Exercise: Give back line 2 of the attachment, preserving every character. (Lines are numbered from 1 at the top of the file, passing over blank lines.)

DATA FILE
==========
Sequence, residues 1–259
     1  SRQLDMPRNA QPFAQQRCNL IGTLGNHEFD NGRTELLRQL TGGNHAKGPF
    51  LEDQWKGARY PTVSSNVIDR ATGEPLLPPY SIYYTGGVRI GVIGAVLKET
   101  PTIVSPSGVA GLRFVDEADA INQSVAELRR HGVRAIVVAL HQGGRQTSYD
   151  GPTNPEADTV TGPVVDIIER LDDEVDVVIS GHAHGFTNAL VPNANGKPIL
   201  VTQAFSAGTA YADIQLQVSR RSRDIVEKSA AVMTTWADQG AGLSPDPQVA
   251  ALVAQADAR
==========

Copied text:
     1  SRQLDMPRNA QPFAQQRCNL IGTLGNHEFD NGRTELLRQL TGGNHAKGPF